Jimi Hendrix once said, “If it was up to me, there wouldn’t be no such thing as the establishment.” Believed to be one of the greatest guitarists in history, a renowned musician driven by his passion for music, Hendrix helped break the boundaries between jazz, rock, and R&B. Inspired by those who
told him he would amount to nothing, Jimi Hendrix endured his difficult journey ultimately transforming the music world as we know it today. Hendrix, a confident, strong, and outspokenindividual believed in many freedoms. The quote which I mentioned above, rightfully addresses the kind of independence we should fight for. The Establishment, which I interpret as the power in which we are not only controlled by but are subject to adhere to. The term, establishment –could mean a lot. Perhaps our government is what Hendrix was referring to, or even the recording companies who initially refused to allow a young Jimi to explore a more favorable route, or maybe it is a term that we are allowed to define based on our own knowledge, our own background, my establishment may be significantly different that yours (based on the way we were raised or schooled etc…). Determining what Hendrix meant is not what is important here, my point is that even an originator, a creator of a new genre of music, an inventor – Jimi Hendrix still felt pressure from an external environment. And I raise a simple question before I begin my analysis of Remix: Making Art and Commerce Thrive in the Hybrid Economy – what would Jimi Hendrix have been if this pressure, this strain, or limitation did not exist? Unfortunately, we will never no.
As I mentioned, I have no right to decide what Jimi Hendrix implied by using the term the establishment. Joe Harris clearly explains the art of interpretation when he stated, “Texts don’t simply reveal their meanings to us; we need to make sense of them. …each of us comes at what we read through our own experiences and concerns, and so each of us makes a slightly different sense of the texts we encounter.” Harris is pleading with us, to take the time and decide things for yourself.
In Writing 205: Critical Research and Writing, we determined as a class some of the most popular topics Lawrence Lessig mentions in Remix: Making Art and Commerce Thrive in the Hybrid Economy. I spent a lot of time focusing on generational gaps, originality/creativity and copyright laws. In the preface, Lessig says, “ We wage war on drugs, on poverty, on terrorism, on racism… and then think about the fact that this war has had essentially no effect…you need to step back from the war to ask, how much is it really costing? Is the result really worth the price” (page XIV).
Inspired by the copyright wars, “waged by pirates” Profressor Lawrence Lessig a Professor and Director of the Edmond J. Safra Foundation Center for Ethics at Harvard University, Lessig was the first to propose the concept of Free Culture to the public. Remix is broken down into three parts, cultures, economies and enabling the future. He explores the effects of copyright laws and brings attention to the seriousness of what I suggested in my previous blog as the critical generational gap.
As many of the class blogs mentioned, copyright laws are undoubtedly criminalizing our youth, deeming them immoral. Whether he mentions the idea of remixes, mashups, etc… Lessig ultimately focuses on the intellectual suppression the law has placed on young, imaginative minds.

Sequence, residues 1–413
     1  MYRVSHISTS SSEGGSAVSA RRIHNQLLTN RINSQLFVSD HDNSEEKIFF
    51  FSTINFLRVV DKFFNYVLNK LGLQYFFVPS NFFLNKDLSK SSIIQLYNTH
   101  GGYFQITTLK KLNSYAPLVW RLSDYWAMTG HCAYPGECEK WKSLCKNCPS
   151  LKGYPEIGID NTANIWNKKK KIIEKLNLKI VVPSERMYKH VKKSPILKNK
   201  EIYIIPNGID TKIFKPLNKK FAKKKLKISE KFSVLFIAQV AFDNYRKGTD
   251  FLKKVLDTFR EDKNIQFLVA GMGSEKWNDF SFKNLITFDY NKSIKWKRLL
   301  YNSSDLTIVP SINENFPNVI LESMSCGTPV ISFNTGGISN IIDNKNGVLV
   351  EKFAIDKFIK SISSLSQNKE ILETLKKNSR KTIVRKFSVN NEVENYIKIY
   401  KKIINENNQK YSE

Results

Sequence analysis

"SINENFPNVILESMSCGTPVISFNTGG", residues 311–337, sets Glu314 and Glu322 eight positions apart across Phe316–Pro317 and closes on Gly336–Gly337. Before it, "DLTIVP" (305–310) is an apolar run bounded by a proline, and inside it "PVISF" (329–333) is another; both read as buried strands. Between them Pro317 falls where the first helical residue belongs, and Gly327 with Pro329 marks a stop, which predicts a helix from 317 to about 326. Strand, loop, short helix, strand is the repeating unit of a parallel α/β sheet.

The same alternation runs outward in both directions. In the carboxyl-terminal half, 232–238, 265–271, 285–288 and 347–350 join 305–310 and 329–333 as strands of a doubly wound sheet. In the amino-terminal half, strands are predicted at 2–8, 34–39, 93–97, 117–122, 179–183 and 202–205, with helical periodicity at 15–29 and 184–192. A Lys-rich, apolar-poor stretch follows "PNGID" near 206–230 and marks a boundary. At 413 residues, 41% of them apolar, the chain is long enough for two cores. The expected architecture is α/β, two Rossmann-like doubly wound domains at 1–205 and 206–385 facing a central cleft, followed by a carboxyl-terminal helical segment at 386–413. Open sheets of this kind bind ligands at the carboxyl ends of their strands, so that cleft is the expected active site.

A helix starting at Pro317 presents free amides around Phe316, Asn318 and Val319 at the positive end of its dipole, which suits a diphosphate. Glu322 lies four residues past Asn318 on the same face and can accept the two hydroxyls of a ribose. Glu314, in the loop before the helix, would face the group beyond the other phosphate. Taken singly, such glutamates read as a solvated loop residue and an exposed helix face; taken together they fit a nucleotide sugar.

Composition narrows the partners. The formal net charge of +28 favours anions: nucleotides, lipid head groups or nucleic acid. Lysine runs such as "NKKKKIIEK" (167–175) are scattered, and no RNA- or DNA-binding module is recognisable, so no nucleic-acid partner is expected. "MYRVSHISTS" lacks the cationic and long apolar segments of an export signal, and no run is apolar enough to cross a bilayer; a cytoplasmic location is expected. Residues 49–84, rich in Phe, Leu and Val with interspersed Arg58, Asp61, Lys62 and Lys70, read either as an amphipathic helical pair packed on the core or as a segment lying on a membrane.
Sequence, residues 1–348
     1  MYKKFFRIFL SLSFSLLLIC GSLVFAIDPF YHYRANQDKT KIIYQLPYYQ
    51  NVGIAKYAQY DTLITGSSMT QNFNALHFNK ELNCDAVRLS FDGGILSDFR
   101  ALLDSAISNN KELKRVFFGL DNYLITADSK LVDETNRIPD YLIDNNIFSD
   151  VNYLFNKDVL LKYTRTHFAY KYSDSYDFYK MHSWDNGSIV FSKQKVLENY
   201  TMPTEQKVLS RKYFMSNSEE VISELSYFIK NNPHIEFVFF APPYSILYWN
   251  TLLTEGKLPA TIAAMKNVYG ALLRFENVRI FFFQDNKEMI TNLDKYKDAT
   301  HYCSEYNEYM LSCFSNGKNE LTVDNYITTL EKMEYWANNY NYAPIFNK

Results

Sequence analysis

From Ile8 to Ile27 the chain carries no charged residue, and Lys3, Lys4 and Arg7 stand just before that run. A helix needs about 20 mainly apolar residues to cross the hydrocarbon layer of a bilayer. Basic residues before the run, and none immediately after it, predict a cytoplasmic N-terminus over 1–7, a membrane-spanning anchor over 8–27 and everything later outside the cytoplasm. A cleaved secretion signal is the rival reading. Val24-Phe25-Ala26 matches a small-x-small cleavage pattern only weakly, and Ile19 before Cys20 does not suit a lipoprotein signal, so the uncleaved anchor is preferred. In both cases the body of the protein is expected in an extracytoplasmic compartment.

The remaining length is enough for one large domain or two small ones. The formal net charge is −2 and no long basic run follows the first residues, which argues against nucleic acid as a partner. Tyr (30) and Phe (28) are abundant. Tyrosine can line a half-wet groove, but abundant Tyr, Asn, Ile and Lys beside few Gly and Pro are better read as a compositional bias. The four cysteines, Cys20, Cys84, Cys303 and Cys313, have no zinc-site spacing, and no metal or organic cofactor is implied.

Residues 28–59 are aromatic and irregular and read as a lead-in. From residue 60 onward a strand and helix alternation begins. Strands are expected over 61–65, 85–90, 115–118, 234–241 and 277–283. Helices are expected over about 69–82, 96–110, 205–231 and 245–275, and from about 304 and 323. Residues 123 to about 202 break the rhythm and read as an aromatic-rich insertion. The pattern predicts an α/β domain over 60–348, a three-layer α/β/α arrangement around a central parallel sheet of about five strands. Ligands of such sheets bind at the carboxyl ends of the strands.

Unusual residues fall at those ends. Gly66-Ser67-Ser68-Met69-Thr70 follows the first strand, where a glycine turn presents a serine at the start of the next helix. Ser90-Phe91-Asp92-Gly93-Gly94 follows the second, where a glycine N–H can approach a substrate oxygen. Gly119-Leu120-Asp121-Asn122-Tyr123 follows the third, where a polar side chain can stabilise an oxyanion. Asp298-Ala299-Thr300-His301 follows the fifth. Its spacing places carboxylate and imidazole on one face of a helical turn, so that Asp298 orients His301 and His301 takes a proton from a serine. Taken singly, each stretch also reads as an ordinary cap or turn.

In my last post, I brought up the idea of cerebral enrichment. These copyright laws,which were implemented to “help” maintain intellectual property, are actually harming our future. The Internet today feeds our “need” to have the most recent, up-to-date resources; we simply thrive on the freedom it provides. Unfortunately, this has placed the youth in a complex situation. How do they (do we…) decide when to obey the laws, and when it is okay to ignore the rules of copyright. However, I would like to elaborate more by saying how necessary these laws are. I do agree that they must be altered to fit the digital lifestyle of this and future generations, but I think as a model society we must have law to govern us.
One component of the copyright law Lessig provokes, is decriminalizing file sharing. “Either by authorizing at least noncommercial file sharing with taxes to cover a reasonable royalty to the artists…or by authoring a simple blanket licensing procedure” (page 271). Lessig elaborates that person-to-person file sharing has NOT stopped illegal sharing or efficiently compensated artists. What I took away from this is that Lessig is comfortable enough to admit aloud that copyright, is good, it is necessary, BUT we must create a plan to make it more efficient. Lessig in a way is preparing us, he is trying to explain that future generations will not permit what we are governed by today.
Here is an abstract summary of a book where Neil Netaneal is mentioned once again for his take on decriminalizing file sharing. While Lessig briefly mentions Netaneal in Remix, some examples of P2P sharing like electronic devices, frequency downloads, and computer hardware could be better regulated with the idea of “fair return” makes things a little easier to understand.
In his Lessig’s final chapter “Reforming Us”, he brings up what I consider his most valid point of the irrational copyright war, the idea that government control does indeed have limits. For Lessig, that establishment Jimi Hendrix mentioned would be the creators
of the copyright laws. Children growing up today live in an extreme digital age. They are hearing these laws and unfortunately can make no sense of them. Remix discusses the Hybrid economy and Lessig provides examples of ways in which we can work with the law to make an efficient online environment. Copyright law carries a significant weight on future generations. It is up to us to take a stand and form an online culture appropriate to our needs.